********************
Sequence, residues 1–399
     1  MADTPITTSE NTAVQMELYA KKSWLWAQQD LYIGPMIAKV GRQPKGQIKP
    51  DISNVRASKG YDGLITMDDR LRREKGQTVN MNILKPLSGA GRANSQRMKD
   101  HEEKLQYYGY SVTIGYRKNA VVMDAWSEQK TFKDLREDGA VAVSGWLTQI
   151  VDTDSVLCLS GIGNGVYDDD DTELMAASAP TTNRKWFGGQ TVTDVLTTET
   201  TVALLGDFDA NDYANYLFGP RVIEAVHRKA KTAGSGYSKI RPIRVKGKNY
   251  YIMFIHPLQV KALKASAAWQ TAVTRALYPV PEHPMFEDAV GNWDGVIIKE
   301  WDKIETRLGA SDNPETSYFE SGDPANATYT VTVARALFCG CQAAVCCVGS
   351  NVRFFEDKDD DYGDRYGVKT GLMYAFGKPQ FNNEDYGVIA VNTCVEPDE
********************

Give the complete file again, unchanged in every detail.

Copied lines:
Sequence, residues 1–399
     1  MADTPITTSE NTAVQMELYA KKSWLWAQQD LYIGPMIAKV GRQPKGQIKP
    51  DISNVRASKG YDGLITMDDR LRREKGQTVN MNILKPLSGA GRANSQRMKD
   101  HEEKLQYYGY SVTIGYRKNA VVMDAWSEQK TFKDLREDGA VAVSGWLTQI
   151  VDTDSVLCLS GIGNGVYDDD DTELMAASAP TTNRKWFGGQ TVTDVLTTET
   201  TVALLGDFDA NDYANYLFGP RVIEAVHRKA KTAGSGYSKI RPIRVKGKNY
   251  YIMFIHPLQV KALKASAAWQ TAVTRALYPV PEHPMFEDAV GNWDGVIIKE
   301  WDKIETRLGA SDNPETSYFE SGDPANATYT VTVARALFCG CQAAVCCVGS
   351  NVRFFEDKDD DYGDRYGVKT GLMYAFGKPQ FNNEDYGVIA VNTCVEPDE